A hopeless unromantic gets a crash course in love.

High Noon Book Club
meets the first Wednesday of each month at high noon! at the Methodist Church.
Book lists and a collection of selections @ the library. Ask!
March 2, 2011
The Help by Kathryn Stockett
The Lincoln Lawyer by Michael Connelly

Friday, February 25, 2011 Noon – 1:30 PM @ the library
Refreshments served all day!
Music, mirth, poetry, prose performed by local artists.
“Open mike” for you budding authors!

WHAT are patrons reading?
Biographies/Memoirs of or by Mark Twain, George W Bush, Ronald Reagan, Patti LaBelle, Artist Sophie Crumb, Lawrence of Arabia, Crazy Horse, and Louisa May Alcott
New titles by
Fern Michaels
WEB Griffin
T Jefferson Parker
Jeffrey Deaver
Anita Shreve
Joseph Wambaugh
J D Robb

Recommendations of Readers
Fall of Giants by Ken Follett
Book One of the Century Trilogy
“985 pages following the fates of five interrelated families from the First World War, the Russian Revolution, and the struggle for women’s suffrage. “Wow – worth every kilowatt of light.” (may be renewed)

The Sherlockian by Graham Moore – A journey that hurtles from New York to London and from the present day into the historical milieu of Conan Doyle that delves perilously into the history of Sherlock Holmes and his creator – discovering a secret that proves to be anything but “elementary.” Great read.

Water for Elephants by Sara Gruen
Soon to be released as a movie

The Crazy Ladies of Pearl Street by Trevanian

Dead or Alive by Tom Clancy
“Give it a hundred pages and you’re hooked”

Helpful links
Library for the Blind and Physically Handicapped
Phone: 505-476-9770 or 1-800-456-5515 (in New Mexico)
E-mail Address: lbph@state.nm.us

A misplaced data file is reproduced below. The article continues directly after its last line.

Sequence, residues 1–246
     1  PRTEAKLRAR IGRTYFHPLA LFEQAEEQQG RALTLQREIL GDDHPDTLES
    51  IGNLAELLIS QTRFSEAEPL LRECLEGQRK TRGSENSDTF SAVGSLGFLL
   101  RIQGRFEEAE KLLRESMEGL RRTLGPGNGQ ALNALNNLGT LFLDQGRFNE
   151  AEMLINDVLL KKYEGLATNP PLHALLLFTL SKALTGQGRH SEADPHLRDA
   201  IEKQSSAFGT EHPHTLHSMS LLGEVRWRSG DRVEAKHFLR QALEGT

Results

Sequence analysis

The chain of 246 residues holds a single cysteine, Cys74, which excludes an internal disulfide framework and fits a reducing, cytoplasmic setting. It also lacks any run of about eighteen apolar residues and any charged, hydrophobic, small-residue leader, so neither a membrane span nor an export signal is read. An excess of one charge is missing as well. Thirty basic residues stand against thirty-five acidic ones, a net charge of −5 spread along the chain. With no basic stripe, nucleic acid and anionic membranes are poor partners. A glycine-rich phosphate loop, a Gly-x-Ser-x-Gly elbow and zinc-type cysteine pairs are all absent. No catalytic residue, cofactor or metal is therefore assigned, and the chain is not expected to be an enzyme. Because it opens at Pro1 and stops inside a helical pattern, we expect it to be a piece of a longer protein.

The LBPH is responsible for meeting the reading and information needs of nearly 4000 New Mexico citizens who are blind, visually impaired, physically handicapped, or reading disabled. These needs are met by providing books, magazines, and other material in alternate format (digital cartridge, cassette, Braille, and electronic text), playback equipment, and some production of print materials in alternative media. The collection contains more than 60,000 titles and 300,000 volumes on a wide variety of subjects

Welcome to the World’s Library!

find books, share books, and meet fellow book lovers.  Social networking for books and those who love them.

Have you ever wanted a better way to:

  • Get great book recommendations from people you know?
  • Keep track of what you’ve read and what you’d like to read?
  • Form a book club, answer book trivia, collect your favorite quotes?

KIWANIS, CLOC and MNPL Joint Venture


“I can’t think of a better way to start a small child on the way to reading than by reading to them from these books.” Joyce Komraus, Director
By registering for this free program (forms available at the library) “a brand new, age appropriate book is sent each month to every child from age one month to age 5 years.  Every child’s first book is the classic The Little Engine That Could ™, and in the very last month in the program they receive Look Out Kindergarten Here I Come.”

Michael Nivison Public Library
90 Swallow Place – Cloudcroft, New Mexico 88317 – 575-682-1111